51. Programs are linked to specific sets of largely outcome-based performance objectives. Each program has an Objective, which in the case of Program 13 is to: “Create conditions for all citizens to engage in physical culture and sports, increase the international competitiveness of Russian athletes, and successfully organize large international sporting events in the Russian Federation.” Under each program there are Tasks, Indicators, and outcome-based Expected Results for the medium term. Examples of indicators for Program 13 include: (i) the share of the population engaging in physical culture and sports on a regular basis; (ii) the share of Russian Olympic athletes who receive medals; and (iii) the share of sports facilities in used following the organization of the FIFA World Championships in 2018 and the FIFA Confederations Cup in 2017.

52. The ministry responsible for a program is required to submit a report on the achievements of the program objectives each year. This report is sent to the Ministry of Finance and to the Ministry of Economic Development, which consolidates the reports into a single report on the performance of the government. While program documents are submitted together with the budget proposal, performance reports are not formally approved by the Duma.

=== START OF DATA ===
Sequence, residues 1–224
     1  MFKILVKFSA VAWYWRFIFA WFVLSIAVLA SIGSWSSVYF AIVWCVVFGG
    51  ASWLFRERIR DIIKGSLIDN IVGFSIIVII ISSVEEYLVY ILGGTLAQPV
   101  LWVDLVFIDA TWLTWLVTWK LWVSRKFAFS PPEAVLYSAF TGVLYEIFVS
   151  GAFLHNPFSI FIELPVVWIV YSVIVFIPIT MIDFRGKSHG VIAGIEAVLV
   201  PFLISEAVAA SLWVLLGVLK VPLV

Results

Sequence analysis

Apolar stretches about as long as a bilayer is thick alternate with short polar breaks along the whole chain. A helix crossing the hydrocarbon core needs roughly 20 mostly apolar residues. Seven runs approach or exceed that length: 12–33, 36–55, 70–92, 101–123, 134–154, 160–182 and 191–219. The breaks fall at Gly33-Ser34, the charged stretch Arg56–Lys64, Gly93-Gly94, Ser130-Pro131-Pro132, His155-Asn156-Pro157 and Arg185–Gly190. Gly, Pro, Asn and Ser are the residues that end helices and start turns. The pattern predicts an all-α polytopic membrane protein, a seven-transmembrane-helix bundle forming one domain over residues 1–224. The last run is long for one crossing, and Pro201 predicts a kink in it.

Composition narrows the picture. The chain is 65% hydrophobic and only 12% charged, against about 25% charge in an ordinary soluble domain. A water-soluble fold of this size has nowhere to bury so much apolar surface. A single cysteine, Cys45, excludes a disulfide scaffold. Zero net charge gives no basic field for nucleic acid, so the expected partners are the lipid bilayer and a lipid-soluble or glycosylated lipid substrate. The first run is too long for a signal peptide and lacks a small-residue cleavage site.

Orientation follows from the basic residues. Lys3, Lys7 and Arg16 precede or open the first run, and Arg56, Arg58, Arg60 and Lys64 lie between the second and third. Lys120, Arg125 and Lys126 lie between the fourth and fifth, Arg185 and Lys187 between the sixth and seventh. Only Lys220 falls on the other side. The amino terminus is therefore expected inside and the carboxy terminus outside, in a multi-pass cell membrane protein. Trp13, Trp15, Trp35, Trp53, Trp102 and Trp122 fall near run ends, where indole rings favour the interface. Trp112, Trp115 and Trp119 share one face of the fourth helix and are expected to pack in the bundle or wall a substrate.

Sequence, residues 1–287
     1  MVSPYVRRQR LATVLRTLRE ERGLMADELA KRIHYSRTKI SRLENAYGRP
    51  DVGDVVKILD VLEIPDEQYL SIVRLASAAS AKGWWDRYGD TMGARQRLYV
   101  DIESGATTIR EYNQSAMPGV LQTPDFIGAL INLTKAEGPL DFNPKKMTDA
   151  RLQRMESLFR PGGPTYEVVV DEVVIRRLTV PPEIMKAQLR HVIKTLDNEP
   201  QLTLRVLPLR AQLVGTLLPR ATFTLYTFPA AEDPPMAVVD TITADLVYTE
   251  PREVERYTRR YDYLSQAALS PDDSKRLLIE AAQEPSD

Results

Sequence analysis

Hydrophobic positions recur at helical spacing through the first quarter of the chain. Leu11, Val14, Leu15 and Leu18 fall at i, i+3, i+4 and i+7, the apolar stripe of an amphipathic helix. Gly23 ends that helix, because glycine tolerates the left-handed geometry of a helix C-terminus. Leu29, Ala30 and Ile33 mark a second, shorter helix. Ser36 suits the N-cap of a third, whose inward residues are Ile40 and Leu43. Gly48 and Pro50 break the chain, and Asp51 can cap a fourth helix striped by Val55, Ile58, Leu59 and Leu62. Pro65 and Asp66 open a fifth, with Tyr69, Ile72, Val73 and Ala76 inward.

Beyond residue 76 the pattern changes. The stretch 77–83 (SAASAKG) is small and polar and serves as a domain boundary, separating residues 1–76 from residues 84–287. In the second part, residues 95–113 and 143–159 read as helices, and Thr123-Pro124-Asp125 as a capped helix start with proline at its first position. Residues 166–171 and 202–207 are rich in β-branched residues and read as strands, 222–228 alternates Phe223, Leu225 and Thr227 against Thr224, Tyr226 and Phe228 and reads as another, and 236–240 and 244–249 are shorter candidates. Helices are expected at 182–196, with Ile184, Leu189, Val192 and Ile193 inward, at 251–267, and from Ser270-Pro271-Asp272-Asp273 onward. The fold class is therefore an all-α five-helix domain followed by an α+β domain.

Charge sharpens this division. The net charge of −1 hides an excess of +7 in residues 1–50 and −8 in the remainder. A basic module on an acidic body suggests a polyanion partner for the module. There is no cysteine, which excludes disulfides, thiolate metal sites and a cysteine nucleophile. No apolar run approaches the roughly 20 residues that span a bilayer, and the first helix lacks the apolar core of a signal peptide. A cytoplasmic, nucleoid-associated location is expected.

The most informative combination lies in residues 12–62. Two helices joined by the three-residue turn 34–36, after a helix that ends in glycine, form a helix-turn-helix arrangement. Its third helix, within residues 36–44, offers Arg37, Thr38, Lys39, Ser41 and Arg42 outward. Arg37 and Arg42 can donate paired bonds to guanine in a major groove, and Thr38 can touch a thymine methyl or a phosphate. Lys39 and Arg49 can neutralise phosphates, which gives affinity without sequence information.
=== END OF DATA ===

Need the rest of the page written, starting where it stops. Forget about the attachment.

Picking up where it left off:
2.4.3. Citizens’ guide to the budget (Basic)

53. The government has committed to the publication of a Citizen’s Budget starting in 2013. At the federal level, in mid-October 2013 the government published around 230 slides containing information on the main fiscal policy directions, general government finances, key figures for the federal budget, and detailed information on the composition of budget expenditure. While this is a welcome development, its length and detail means it does not provide an accessible and concise summary of the budget for citizens. The government also recommends that regional and municipalities publish their own Citizen’s Budgets setting out: (i) general characteristics of revenue and expenditure; (ii) detail on the composition of revenue and expenditure; (iii) intergovernmental fiscal relations; and (iv) any other information of interest to local citizens.

2.4.4. Fiscal sustainability analysis (Not met)